As for warning dialogues, they sound a good idea, since they educate potential users of non-Free software about it's dangers etc. while not necessarily depriving them of it if they need it to get the computer to work.

memenode's picture
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dylunio wrote: I feel that
dylunio wrote:

I feel that different drivers have different priorities for being Free. For instance I don't see why a distribution should include a non-Free nVidia or ATi driver for glitzy desktop graphics since the computer works without a glitzy desktop.

As the argument goes, not fully enabling these cards leaves a great amount of computing power not used. There is some truth in it as I witnessed myself when I enabled by ATI card. I felt a performance boost as the card took over all graphical rendering from the main processor and main memory. It could be said that without enabling a graphics card that is in a computer, the computer runs slower and therefore GNU/Linux can be deemed slower.

Still, is it absolutely necessary? No. Wifi drivers are probably much more crucial as you pointed out. The biggest reason for Ubuntu doing this is probably obviously to attract as many people to Ubuntu as possible which hides another argument for doing what they want to do with feisty: bringing a greater number of people to Free Software and educating them about it as well as about the free/non-free support status of particular pieces of their hardware.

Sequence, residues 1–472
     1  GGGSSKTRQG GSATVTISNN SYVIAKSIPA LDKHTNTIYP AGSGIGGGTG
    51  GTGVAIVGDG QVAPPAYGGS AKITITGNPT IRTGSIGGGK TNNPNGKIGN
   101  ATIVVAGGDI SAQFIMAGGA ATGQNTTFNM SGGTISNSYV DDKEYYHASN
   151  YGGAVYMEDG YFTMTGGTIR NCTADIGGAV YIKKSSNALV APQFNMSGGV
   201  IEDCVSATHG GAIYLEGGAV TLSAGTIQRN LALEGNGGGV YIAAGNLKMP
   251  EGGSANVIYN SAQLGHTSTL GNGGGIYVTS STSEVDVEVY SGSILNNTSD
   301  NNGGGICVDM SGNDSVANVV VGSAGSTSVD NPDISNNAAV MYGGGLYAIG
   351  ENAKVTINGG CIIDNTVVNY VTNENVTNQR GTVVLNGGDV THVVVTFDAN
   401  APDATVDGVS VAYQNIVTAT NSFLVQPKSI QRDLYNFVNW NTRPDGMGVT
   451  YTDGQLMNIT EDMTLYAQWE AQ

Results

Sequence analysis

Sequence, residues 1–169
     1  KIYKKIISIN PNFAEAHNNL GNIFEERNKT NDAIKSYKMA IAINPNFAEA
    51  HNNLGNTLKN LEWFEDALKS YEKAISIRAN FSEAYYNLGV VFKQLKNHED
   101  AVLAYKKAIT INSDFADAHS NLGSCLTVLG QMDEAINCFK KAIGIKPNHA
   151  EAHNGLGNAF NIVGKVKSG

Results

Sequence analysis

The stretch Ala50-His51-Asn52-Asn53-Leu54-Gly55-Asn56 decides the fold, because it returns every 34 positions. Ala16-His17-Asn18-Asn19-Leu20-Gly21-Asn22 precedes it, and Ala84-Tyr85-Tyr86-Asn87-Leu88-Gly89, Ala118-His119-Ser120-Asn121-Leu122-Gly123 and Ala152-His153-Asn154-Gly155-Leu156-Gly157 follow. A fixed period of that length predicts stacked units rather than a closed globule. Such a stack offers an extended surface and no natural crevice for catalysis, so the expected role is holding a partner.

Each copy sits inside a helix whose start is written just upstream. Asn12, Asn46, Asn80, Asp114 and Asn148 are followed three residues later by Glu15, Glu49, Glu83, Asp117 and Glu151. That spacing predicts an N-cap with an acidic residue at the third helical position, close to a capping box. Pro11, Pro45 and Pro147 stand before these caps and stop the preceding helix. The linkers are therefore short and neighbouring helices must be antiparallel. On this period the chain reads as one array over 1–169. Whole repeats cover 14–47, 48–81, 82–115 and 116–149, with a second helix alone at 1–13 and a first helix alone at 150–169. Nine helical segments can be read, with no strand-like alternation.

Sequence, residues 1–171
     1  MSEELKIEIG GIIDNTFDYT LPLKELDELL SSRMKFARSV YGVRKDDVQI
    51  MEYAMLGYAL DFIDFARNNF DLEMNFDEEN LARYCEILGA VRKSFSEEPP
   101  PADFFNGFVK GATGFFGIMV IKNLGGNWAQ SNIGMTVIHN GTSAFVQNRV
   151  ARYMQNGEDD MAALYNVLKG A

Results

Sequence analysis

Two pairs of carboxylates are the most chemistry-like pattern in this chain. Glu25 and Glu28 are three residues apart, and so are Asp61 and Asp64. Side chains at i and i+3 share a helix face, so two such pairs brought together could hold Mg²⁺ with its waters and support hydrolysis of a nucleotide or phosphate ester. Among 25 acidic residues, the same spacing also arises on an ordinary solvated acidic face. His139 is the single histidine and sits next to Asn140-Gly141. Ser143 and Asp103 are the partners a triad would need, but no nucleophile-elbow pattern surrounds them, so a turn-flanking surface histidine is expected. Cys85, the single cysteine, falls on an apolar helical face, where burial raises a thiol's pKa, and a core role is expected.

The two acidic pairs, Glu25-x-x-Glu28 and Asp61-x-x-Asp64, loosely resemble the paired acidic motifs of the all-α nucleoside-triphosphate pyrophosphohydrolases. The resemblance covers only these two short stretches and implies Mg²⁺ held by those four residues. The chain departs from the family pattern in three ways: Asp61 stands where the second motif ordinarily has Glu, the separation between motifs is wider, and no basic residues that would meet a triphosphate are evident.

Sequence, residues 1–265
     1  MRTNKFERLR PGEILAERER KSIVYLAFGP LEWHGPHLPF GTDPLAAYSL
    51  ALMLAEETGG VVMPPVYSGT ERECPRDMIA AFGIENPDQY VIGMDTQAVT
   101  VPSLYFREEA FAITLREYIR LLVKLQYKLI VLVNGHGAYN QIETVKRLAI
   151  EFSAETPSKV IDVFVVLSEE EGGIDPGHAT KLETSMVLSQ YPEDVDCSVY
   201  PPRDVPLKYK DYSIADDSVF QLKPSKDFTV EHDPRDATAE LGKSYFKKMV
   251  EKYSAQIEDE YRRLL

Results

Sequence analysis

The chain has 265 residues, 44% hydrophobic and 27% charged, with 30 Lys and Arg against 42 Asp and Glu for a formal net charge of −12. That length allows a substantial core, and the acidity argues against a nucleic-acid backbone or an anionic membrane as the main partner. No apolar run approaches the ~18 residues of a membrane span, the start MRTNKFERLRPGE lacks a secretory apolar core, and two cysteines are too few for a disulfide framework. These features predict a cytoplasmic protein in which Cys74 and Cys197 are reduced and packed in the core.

However I've talked a bit about this on #gnu channel, which sports at least a few purists (notably "ams") and he makes a point about sticking to software freedom being incompatible with choosing to use proprietary drivers to supposedly promote a freedom supporting goal. This argument is that you can't promote freedom by agreeing to freedom restrictive terms in any way, that it is self contradicting and that by doing what he is doing, Mark Shuttleworth is doing evil.

The same argument goes directly against inclusion of even the wifi drivers or any proprietary blob whatsoever. Ams criticizes Canonical for even providing a "commercial" applications distro where they offer Opera, as well as Debian for hosting a non-free repository.

I am personally on a crossroad right now. I am seriously considering the value of Shuttleworth's method and questioning the argument of not compromising being the best way to promote freedom in absolutely every case (though I would say that in most cases, not compromising is the best).

In other words I am trying to see whether I can accept Ubuntu as a "special case" due to the extraordinary position in which they are today.

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memenode's picture